How to Pray for Your Son’s Future Wife

Photo by Jeremy Wong Weddings on Unsplash

Sometime ago, a mother told me her prayer request, “Please pray that God will provide the right woman for my son to marry.”

I gently replied “I have a better prayer for you.”

Intrigued, she asked “What’s that?”

“That God will make your son the right man.”

This prayer makes more strategic sense. The son has to be the right man so he can attract the right woman. Put conversely, if the son is not right, why would the “right woman” choose to marry him? More to the point, if the son is not right, why would God give that woman to him?

The same principles apply when a parent prays for a daughter, i.e. that God will bring the right man to her. A variation is that God will give the daughter wisdom as to choose whom to marry. But it goes back to the same thing: for the daughter to have that kind of wisdom, she must become the “right woman” who has grown in the ways of God.

If we are parents, this prayer will remind us of our responsibility. There is a certain passivity when we ask God to mold the heart of the would-be wife whom we have not even met. The burden lies in what we can do now, which is to raise our children to walk in God’s ways. Therefore, we are part of God’s answers to our prayers. We lift up an active prayer when we beseech God to work in the heart of our children. The activity has a direct and indirect component.

The direct component is the spiritual training of our children. We see this as far back as Deuteronomy 6:6-7, when Israelite parents were to teach the Law to their children. Fatherly exhortation is the device used in Proverbs 2 to 7. This concept is extended to the church in Ephesians 6:4.

What’s the best way to train our children? By personal example. My spiritual mentor once told me, “Nelson, if you want your disciples to pray, they have to see you pray.” Spot on. So if we want our children to savor the Word of God, pray authentically or be kind to people, we must model the very character we want to see in them. This is particularly true when our children are still very young and thus very astute copycats!

Another way is through regular conversations with your children. Lamentably, many parents give their children smartphones and tablets, then wonder why there is no meaningful interaction during family meals. Set limits on your children’s use of such gadgets or better yet, give them books that nourish their minds and spirits. Schedule heart-to-heart talks with them and get to know your children.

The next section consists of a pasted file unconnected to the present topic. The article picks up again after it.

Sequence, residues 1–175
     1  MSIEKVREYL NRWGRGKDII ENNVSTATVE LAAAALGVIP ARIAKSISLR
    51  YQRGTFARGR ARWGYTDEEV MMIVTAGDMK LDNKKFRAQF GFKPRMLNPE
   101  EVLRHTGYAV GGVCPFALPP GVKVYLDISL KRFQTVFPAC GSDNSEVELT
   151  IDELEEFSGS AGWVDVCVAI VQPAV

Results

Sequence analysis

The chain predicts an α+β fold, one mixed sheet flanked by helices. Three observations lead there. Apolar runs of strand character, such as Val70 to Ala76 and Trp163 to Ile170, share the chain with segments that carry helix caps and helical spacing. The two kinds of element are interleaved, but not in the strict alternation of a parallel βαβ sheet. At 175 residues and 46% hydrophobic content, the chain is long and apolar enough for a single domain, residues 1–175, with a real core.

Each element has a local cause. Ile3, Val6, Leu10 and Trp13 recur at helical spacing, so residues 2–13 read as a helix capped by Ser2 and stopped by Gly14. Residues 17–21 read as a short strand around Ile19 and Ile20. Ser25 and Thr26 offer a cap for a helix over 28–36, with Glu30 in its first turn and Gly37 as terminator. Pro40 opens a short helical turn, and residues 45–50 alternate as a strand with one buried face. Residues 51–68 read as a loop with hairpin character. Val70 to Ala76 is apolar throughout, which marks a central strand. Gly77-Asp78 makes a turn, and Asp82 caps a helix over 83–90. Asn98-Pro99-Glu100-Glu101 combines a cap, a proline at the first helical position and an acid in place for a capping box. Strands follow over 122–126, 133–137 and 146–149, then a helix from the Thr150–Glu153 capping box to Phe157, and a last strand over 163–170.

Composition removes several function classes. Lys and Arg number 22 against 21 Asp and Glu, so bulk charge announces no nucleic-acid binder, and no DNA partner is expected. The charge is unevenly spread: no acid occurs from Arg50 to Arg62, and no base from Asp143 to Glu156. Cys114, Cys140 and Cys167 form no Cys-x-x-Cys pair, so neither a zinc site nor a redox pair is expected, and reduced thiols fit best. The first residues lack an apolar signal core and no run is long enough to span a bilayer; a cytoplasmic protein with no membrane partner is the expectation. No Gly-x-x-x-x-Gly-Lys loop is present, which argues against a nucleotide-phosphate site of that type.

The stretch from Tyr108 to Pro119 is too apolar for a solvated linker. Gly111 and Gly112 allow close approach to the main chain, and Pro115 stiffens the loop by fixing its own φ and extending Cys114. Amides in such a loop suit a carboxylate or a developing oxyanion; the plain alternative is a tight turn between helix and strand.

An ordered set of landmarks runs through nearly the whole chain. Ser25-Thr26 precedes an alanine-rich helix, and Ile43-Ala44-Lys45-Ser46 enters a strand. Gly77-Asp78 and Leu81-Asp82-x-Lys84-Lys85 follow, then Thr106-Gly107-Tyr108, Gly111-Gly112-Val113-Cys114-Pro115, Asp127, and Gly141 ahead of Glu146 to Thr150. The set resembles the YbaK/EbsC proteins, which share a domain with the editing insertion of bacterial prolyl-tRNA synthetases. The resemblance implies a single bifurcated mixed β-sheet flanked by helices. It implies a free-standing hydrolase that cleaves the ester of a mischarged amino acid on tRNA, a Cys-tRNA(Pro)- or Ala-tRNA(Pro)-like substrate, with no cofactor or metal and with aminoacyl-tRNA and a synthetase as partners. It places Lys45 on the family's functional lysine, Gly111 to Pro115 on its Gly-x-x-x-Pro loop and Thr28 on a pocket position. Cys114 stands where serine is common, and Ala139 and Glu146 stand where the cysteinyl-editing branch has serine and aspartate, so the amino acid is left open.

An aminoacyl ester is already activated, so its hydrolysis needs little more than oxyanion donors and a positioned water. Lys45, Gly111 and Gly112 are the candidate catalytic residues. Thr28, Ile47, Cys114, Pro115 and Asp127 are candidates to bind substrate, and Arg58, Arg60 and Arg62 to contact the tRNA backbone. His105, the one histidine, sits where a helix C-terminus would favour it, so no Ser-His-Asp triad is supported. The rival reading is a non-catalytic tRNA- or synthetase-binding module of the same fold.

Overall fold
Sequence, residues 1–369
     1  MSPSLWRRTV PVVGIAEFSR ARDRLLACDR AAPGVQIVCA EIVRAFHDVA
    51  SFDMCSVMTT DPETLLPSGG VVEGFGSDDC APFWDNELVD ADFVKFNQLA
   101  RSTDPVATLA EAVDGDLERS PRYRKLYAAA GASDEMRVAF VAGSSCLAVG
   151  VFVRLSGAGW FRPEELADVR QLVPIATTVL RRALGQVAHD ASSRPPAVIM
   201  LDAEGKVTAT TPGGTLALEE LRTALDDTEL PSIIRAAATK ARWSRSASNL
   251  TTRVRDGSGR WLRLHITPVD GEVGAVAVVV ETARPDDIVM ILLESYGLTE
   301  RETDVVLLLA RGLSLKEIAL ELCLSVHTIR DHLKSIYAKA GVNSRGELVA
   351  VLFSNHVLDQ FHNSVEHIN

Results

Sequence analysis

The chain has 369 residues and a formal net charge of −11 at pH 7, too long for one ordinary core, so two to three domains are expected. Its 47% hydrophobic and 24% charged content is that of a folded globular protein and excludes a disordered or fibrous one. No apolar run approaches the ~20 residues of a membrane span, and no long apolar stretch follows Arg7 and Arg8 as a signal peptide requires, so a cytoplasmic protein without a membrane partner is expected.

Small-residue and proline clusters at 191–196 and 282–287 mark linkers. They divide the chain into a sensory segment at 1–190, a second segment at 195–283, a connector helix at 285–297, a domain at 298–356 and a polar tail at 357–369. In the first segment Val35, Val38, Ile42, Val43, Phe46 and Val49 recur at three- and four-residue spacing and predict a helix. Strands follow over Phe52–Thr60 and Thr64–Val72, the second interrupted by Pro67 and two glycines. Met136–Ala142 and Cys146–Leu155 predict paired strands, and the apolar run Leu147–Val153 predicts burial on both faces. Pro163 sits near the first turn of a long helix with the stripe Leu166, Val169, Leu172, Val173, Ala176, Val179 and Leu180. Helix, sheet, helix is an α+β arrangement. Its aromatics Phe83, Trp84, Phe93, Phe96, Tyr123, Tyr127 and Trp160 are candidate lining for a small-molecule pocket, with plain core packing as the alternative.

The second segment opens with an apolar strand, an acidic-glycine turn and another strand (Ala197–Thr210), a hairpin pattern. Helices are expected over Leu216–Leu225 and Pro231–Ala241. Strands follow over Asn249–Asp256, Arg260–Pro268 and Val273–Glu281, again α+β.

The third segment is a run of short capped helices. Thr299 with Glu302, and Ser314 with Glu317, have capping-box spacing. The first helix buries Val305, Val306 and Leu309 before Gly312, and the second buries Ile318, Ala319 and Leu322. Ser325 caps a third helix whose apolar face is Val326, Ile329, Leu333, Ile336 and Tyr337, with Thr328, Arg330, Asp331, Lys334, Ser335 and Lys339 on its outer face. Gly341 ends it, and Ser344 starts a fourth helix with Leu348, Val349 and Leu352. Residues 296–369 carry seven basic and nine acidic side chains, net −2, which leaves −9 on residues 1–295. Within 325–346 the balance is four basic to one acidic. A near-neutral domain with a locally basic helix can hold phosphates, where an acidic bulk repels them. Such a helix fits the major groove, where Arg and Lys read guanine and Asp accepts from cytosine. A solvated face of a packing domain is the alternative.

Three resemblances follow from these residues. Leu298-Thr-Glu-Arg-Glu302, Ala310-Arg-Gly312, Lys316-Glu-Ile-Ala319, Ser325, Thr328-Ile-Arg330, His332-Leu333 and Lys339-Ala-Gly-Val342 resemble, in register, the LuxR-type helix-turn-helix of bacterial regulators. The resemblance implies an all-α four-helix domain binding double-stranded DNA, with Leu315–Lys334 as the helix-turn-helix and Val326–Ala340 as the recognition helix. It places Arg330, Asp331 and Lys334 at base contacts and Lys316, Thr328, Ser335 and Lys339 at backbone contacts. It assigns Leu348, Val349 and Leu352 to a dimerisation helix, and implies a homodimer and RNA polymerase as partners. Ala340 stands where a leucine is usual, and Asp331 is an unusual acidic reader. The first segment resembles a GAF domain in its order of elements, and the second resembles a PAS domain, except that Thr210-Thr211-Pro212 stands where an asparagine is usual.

The indirect component is to model a godly marriage. It is heartbreaking to hear young people say to this effect: “I am afraid of getting married. I have seen my own parents hurt each other and now they’re separated. I don’t want that to happen to me.” Worse, the son sees the dysfunctional behavior of the father and carries it to his own marriage.

Far better, then, that we strive to be the husband or wife God wants us to be. This requires a mindful practice of virtues such as affection, patience, respect and service. It also involves an honest assessment of our weaknesses, such as the tendency to utter cutting words, and a determination to replace them with the opposite, such as the habit of gracious speech. That gets imprinted in our children and becomes the pattern by which they will relate to their future spouses.

Going back to the mother’s prayer for her son, I am not saying she should not pray for her future daughter-in-law. Certainly there is merit in doing so, as God may be preparing that girl even now. I am simply saying we should neither forget nor abdicate our roles in our immediate sphere, i.e. as parents interceding for our children.

Never underestimate such a role. Early this year, a friend introduced Lucy and me to the books of Edmund Chan, the senior pastor of a Singapore evangelical church. We were blown away by his insightful writing and passionate preaching. What made Chan such as powerhouse for God’s kingdom?

We learned that his grandfather had prayed for him every day “Lord, use my grandson. Use my grandson.” What’s more, he fasted for young Edmund twice a week. There are other influences in Chan’s spiritual journey, but I find myself envying Chan for having such an intercessor in their family heritage.

Do you want our children to marry well? Pray for them, yes, but be part of that answered prayer. Be a godly model and raise them up well. Then, in that wedding day, as we watch our sons stand at the altar or as we give away our daughters in marriage, we will sense God’s wondrous sovereignty that echoes His giving Eve to Adam. We will be overwhelmed with pride, joy and praise.

It will be the pithy moment when we realize that God honored our prayers more than we can ever imagine.

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